Historic California Posts, Camps,
Stations and Airfields
Posts at Monterey
(El Real Presidio
de San Carlos de Monterey, El Castillio, Fort Hill, Fort Jones,
Fort Stockton; Fort Mervine; Fort Savannah; Fort Halleck; Fort
Cape of Pines; Fort Fremont, Monterey Redoubt; Monterey Ordnance
Depot, Monterey Barracks, Ord Barracks; Monterey Military Reservation,
and The Presidio of Monterey, Camp John P. Pryor, and Camp Murray)
The original Presidio
de San Carlos de Monterey, 1793
No other military installation
in the United States had as many changes in nomenclature as the
two-century-old Presidio of Monterey. The military has played
a role in the history of the Monterey Peninsula since 1770 when
a small expedition led by Governor Gaspar de Portola officially
took possession for Spain of what is now central California. In
compliance with instructions "to erect a fort to occupy and
defend the port from the atrocities of the Russians, who were
about to invade us," his men constructed a presidio, or fort,
at the southern end of the bay.. Portolas actions were influenced
by the Spanish fear that other nations, particularly Russia, had
designs upon her New World empire. Spain moved to occupy that
portion of the western American coast which she had previously
neglected. Ripe for colonization and military fortification was
the port of Monterey. which had been visited and charted a century
and a half before by the Spanish explorer Sebastian Vizcaino
Five-page report that a Spanish
settlement between mission and presidio had just been established
at Monterey, California, by Don Gaspar de Portola and Miguel
Costanso, 1770 To view all pages of this document, CLICK
Monterey became one of five
Presidios, or forts built by Spain. Others were founded in San
Diego, (1769), San Francisco (1776), Santa Barbara (1782) and
Tubac, Arizona (1784). The fortunes of the Presidio at Monterey
rose and fell with the times. It has been moved, abondoned and
reactivated time and time again. At least three times it has been
submerged by the tide of history, only to reappear years later
with new face, a new master, and a new mission, first under the
Spanish, then the Mexicans, ultimately the Americans.
Chapel of San Carlos Borromeo was founded in 1770 by Father Junipero
Serra. First chapel was behind palisades next to Presidio, but
Father Serra moved to present location to be away from military
influence. Six soldiers guarded and helped build church. Serra
died here in 1784 and is buried in church. Chapel was presented
with barrel organ by English explorer Vancouver in 1793. Address:
Church Street near Figueroa.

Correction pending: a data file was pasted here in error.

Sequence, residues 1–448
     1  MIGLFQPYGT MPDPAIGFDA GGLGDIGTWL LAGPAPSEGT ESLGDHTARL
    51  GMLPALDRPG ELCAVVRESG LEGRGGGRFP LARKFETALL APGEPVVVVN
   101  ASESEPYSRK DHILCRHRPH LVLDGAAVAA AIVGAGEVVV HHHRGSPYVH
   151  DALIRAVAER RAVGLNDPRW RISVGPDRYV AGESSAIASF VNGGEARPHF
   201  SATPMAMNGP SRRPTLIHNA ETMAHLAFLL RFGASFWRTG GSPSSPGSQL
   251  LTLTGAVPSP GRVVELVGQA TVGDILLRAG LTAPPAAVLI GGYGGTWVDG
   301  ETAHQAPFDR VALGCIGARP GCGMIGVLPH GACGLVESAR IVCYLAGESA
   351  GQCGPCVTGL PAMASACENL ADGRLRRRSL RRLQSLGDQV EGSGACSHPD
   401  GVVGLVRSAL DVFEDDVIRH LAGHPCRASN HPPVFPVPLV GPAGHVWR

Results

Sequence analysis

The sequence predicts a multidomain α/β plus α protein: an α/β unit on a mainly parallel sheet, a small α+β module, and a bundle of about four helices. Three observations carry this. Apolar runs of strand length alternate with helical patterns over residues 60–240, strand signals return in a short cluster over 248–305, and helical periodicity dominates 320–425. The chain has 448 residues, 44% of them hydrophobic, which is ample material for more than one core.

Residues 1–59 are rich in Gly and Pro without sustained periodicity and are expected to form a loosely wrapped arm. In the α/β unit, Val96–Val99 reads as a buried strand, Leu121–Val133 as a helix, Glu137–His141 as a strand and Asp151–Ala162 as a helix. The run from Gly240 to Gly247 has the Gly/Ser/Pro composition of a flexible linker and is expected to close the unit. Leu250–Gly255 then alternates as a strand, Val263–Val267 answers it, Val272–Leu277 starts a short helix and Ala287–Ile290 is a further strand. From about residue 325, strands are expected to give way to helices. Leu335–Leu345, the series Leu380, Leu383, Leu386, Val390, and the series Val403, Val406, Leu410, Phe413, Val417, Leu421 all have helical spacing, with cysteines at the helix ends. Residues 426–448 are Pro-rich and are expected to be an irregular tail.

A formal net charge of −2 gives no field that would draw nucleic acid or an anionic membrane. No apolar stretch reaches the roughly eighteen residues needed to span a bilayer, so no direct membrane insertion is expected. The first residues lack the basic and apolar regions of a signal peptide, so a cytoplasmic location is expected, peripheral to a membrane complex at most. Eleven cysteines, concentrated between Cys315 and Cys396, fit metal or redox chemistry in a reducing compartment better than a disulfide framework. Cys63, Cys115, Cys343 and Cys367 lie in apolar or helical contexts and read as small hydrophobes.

The first Presidio of Monterey,
El Presidio Royal de Monte Rey, Spain's initial military reservation
in Alta California was situated about a mile east of the present
day U.S. Army's Presidio of Monterey. The mission and chapel of
the Royal Presidio still stands and appears as it did upon its
completion in 1795. The old presidio's foil, surviving for 50
years, was located on Presidio Hill, a site now listed in the
National Register of Historic Places. In 1771 Father Junipero
Serra moved his principal religious activities from Monterey to
his new mission in Carmel. Soldiers were stationed both there
and at Serra's newer mission, San Antonio de Padua, at Jolon,
now Fort Hunter Liggett's reservation. El Castillo (1792-1846),
the fort of the first presidio at Monterey, began as an open V
shaped parapet of logs and adobe revetments enclosing a small
wooden barracks. Adobe structures were added later. From 1792
to 1822, this fort was the castillio, or fortification, for the
Spanish presidio. In 1793, Captain George Vancouver of the Royal
Navy found guns of El Castillo mounted on "sorry kind of
barbet battery, consisting of a few logs of wood ... cannon, about
11 in number ... work cost $450 ... was entirely useless."From
1822 to 1846 (the Mexican era) this was the principal fort protecting
the city and harbor of Monterey. Other redoubts included small
fortifications at Point Pinos and above El Castillo on Presidio
Hill, the site of Fort Mervine's ruins.
Conjectural View of the Presidio
of Monterey,circa 1800, by Jack S. Williams from "The Presidio
of San Carlos de Monterey: The Evolution of the Fortress - Capital
of Alta California." The Center for Spanish Colonial Archaeology,
Technical Publication Series Number 1, Tubac, 1993. Fig. 44,
Monterey remained the capital
of California during the Mexican era. Twice El Castillo fell from
Spanish and Mexican control. On November 20, 1819, the French
privateer Hippolyte Bouchard sailed into Monterey Bay with two
vessels flying the flag of Argentina, then the United Provinces
of the Rio de la Plata. Bouchard easily took El Castillo the next
day while half of his forces launched an attack by land. They
sacked the town and dispersed the Spainards. Crewmen included